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Using logic models

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How to use this guide:

This guide gives step-by-step advice, tips, and questions to support developing a logic model for a policy, programme or project. Developing a logic model is a collaborative process to structure your thinking and not simply about filling in a template, – although we have included a template that can be used and modified according to need. We strongly recommend discussing the logic model with colleagues and funders, asking whether each step makes sense and is consistent with the evidence.

In addition to advice and questions to consider, we include an example to illustrate each step of a logic model, as well as some of the thinking that would underpin that logic model.

Download our comprehensive guide and checklist to help you sense check your logic model:
Using logic models guide
Logic models checklist

Logic models provide a structure to systematically think about policy interventions, helping policymakers to focus on needs, how the policy or intervention aims to address these needs and the intended outcomes and long-term impacts.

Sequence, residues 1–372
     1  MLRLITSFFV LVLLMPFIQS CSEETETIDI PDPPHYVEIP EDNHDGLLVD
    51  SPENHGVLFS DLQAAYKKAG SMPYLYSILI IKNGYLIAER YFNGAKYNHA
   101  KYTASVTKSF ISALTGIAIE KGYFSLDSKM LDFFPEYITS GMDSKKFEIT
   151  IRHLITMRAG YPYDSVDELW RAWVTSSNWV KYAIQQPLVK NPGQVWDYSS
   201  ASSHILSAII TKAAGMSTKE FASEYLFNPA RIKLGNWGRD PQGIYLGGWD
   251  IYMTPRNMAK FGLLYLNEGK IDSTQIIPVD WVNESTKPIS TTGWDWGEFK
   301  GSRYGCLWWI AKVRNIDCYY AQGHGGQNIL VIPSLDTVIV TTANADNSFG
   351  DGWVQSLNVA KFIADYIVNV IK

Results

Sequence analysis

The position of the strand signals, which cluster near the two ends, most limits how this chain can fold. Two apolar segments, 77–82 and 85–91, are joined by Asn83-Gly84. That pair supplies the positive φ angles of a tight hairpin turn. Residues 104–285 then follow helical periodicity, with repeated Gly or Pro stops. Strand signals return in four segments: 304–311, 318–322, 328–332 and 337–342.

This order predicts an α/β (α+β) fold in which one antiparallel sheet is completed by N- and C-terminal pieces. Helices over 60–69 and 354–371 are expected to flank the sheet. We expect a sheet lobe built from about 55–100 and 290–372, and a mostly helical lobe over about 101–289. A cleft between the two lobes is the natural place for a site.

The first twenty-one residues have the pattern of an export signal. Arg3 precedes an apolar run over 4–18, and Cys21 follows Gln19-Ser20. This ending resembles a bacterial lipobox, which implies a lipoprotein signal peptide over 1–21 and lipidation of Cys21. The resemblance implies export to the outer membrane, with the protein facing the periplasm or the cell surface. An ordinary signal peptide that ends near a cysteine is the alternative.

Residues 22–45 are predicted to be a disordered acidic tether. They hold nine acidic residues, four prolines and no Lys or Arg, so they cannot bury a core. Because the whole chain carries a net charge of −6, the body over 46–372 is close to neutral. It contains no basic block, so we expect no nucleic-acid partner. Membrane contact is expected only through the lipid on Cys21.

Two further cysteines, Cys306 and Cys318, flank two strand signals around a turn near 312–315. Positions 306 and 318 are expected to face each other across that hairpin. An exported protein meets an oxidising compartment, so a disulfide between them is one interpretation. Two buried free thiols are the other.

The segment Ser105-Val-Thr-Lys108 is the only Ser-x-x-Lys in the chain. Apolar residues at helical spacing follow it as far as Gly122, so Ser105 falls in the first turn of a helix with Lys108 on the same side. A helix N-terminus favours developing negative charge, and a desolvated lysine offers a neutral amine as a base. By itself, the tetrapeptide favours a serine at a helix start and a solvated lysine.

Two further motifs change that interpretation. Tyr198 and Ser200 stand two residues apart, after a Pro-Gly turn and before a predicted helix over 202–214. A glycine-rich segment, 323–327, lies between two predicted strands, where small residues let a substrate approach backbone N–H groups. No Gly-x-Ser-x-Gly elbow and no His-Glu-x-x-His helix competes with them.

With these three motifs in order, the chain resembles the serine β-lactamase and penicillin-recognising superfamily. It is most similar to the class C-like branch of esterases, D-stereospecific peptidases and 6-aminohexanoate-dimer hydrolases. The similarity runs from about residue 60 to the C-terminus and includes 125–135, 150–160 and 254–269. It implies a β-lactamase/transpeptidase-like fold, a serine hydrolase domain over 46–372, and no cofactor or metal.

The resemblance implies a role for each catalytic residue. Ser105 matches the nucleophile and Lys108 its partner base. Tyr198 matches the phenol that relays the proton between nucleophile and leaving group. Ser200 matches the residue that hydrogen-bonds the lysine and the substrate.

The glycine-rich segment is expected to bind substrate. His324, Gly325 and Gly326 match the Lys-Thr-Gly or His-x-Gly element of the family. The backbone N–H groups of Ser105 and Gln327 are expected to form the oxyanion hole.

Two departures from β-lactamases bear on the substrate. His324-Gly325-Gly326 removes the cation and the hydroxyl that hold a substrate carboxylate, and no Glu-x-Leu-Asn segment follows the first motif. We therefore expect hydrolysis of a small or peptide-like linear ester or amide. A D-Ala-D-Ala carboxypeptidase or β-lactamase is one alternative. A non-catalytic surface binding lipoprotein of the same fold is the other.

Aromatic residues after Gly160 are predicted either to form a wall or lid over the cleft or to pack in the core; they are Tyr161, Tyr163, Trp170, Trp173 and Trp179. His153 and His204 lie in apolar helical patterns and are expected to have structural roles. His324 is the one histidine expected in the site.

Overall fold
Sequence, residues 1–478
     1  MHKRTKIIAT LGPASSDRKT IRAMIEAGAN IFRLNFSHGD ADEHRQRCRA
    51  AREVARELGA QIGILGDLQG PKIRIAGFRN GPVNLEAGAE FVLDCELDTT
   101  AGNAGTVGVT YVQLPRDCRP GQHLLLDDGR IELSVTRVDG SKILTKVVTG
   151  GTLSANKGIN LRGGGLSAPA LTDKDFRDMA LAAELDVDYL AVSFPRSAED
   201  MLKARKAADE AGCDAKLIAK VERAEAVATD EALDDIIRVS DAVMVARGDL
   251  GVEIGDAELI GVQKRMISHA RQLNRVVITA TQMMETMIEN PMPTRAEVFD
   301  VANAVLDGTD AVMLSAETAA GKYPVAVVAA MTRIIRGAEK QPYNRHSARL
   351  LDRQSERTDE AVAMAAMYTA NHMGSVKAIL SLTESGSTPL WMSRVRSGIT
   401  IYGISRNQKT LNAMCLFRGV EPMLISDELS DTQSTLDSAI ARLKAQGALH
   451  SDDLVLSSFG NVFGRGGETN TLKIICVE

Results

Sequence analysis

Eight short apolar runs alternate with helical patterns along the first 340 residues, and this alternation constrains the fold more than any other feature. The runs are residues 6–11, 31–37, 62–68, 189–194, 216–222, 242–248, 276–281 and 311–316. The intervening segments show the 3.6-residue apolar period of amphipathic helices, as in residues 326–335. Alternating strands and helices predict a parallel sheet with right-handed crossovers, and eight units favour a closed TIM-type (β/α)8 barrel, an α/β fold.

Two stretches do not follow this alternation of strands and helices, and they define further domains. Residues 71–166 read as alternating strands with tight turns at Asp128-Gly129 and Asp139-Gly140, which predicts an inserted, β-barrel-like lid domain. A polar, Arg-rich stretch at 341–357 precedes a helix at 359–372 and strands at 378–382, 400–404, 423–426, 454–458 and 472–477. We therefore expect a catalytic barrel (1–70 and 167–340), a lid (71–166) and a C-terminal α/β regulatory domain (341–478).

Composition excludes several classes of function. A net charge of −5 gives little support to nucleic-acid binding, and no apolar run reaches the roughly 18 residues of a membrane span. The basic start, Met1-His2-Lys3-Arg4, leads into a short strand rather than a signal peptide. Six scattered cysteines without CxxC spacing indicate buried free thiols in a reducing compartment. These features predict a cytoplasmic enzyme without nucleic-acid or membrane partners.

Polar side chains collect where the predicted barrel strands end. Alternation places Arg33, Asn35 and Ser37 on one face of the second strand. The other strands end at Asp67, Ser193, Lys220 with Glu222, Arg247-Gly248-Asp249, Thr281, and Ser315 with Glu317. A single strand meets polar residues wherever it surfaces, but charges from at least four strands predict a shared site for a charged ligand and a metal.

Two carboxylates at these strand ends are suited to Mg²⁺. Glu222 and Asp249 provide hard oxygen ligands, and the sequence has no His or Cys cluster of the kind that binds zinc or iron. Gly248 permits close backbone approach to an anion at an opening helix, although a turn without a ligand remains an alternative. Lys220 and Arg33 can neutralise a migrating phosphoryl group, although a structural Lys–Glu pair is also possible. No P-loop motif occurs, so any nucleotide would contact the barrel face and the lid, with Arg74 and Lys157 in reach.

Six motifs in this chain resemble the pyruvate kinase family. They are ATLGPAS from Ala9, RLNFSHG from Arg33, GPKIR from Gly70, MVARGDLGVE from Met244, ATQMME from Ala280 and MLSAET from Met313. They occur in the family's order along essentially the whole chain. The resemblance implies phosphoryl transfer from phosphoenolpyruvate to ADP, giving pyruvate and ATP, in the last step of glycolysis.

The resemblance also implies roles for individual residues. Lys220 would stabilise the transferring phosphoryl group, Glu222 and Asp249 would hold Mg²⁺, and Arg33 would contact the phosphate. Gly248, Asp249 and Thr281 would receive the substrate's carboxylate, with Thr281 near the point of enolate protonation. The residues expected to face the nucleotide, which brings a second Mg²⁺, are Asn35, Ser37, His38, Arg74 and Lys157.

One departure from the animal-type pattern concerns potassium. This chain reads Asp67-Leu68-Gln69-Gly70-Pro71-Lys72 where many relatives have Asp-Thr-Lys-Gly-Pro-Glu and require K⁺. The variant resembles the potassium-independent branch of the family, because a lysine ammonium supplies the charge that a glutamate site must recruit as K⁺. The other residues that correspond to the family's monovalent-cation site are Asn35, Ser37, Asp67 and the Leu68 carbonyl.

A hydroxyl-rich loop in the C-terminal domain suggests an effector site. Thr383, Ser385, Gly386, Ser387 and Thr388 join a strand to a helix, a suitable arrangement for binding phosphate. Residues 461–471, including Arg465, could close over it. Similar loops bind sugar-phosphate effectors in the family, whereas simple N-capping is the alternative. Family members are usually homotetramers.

Key things to consider when developing a logic model

  • Gather the evidence: Use all the information available to ensure the logic model is evidence-based, internally consistent and the relationship between the steps are logical and realistic.
  • Keep it simple: You are working in a complex area, where no one intervention will solve all the issues, but a simple logic model can help give clarity on your intervention.
  • Start early: If possible, develop a basic logic model right at the start to outline objectives and initial thoughts on what activities you will need.
  • Collaborate: Give colleagues the opportunity to talk through and unpick the mechanisms expected to play out through the proposed intervention – just explaining the intervention to new people or asking ‘why’ and ‘how’ can really help.
  • Be specific: Including details on how and why you expect the outcomes and impact to be met helps you better test assumptions.
  • Go back-and-forth: Come back to the steps and check them a few times during the process.
  • Never too late: – It is never too late to develop a logic model. You can use it to think about lessons learnt, to adapt your intervention partway through, or shape your messaging.

Additional information on logic models: